Player motivations

These motivations are well defined in the RAMP framework, namely: Relatedness, Autonomy, Mastery and Purpose. The exploring element relates to a bit of autonomy while our goal of escaping fits the purpose motivation. I miss two types: players who are motivated by relatedness and mastery will bite the dust. What does this mean for our target audience?

It means that the target audience for this game wasn’t the entire Ludum Dare user base. It was a niece audience who longs for purpose or a bit autonomy. I never researched our Ludum Dare user base, but probably less than a half would qualify as the real target audience of users who fancies such games.

Expanding our audience

How would I change this game to fit a broader target audience? I missed the motivations: relatedness and mastery. Let’s start of relatedness, this motivation is about being connected and creation relations with others. I can do two things, make you feel really connected to the other character ingame or by sharing your current game status to others for hints or even discussing solutions. To include the mastery motivation the game needs to have learning curve. The current puzzles are too short and simple to really motivate or challenge you to learn how to solve. A set of more complicated puzzles, a bit harder after the previous, would increase the mastery motivation.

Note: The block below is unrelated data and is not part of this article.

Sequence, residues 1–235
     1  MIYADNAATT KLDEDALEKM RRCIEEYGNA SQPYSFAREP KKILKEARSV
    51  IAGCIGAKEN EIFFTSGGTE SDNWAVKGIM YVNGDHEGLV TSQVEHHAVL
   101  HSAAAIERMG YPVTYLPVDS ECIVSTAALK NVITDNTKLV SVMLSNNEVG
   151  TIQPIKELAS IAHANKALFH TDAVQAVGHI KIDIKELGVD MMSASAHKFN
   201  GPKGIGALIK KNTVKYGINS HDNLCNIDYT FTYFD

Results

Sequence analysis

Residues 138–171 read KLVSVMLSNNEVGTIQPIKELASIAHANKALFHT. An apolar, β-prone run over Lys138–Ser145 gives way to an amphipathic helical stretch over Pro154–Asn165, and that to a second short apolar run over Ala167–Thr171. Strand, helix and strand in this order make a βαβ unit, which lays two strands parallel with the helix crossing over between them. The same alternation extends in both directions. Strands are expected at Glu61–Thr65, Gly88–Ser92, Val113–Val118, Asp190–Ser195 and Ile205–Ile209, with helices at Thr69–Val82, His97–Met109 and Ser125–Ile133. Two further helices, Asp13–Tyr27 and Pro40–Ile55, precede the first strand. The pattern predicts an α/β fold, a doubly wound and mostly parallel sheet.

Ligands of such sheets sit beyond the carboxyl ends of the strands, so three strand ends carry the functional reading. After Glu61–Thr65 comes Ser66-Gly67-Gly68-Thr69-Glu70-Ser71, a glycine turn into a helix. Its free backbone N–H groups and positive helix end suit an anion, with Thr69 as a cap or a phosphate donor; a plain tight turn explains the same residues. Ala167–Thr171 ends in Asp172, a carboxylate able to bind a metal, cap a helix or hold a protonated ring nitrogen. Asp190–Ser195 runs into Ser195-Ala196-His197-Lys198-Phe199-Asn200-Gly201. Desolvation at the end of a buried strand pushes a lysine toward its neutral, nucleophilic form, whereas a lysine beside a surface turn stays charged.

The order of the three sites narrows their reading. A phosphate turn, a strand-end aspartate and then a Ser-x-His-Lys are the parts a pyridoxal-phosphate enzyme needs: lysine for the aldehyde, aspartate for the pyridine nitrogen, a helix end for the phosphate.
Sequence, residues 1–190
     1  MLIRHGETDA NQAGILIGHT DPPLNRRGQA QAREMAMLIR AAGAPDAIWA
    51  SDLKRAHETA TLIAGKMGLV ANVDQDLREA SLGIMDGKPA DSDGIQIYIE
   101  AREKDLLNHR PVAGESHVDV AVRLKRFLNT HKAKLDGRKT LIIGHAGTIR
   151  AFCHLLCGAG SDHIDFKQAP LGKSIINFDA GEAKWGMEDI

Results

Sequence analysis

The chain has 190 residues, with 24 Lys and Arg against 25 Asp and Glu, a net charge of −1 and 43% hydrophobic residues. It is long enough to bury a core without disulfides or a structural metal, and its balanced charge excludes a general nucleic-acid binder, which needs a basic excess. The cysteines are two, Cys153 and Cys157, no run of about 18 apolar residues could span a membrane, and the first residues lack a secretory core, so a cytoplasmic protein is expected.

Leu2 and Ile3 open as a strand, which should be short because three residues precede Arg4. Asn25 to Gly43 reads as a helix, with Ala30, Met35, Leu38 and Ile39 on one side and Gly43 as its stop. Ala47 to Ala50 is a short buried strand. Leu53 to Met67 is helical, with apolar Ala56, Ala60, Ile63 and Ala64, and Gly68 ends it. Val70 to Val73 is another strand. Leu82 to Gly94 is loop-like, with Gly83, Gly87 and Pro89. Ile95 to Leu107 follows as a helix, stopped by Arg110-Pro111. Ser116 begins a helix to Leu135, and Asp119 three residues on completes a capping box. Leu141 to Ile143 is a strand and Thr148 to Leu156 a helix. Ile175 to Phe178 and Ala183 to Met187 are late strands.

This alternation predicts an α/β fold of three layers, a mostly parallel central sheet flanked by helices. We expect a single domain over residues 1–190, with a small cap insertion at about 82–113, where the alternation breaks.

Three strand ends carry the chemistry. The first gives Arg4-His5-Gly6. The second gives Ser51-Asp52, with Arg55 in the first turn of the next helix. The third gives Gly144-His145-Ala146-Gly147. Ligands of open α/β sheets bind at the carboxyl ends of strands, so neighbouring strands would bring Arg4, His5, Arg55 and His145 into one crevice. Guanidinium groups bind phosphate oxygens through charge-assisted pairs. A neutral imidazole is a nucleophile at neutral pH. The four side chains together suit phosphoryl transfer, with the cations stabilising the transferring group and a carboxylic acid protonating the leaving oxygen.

So next time when we start a little game for Ludum Dare, we keep the target audience in mind and what motivates us to play your game. I know I will. To get my games better fitted with the Ludum Dare participants I’ll design an easy to use matrix.

What techniques do you use to check your target audience? Or do you rather create artistic games for the fun of creating?

Welcome GitHub Game Off Participants!

Posted by (twitter: @ludumdare)
Friday, March 13th, 2015 9:18 am

GameOffWelcome developers finding us through GitHub’s latest contest.

We’re in the process of improving and building us a brand new website to make finding, submitting and sharing games much better. Unfortunately, everything about the current website is dated and clumsy. We’ve been running Game Jams for 13 years now, and we’ve got a lot of stuff (but you need to know how to find it).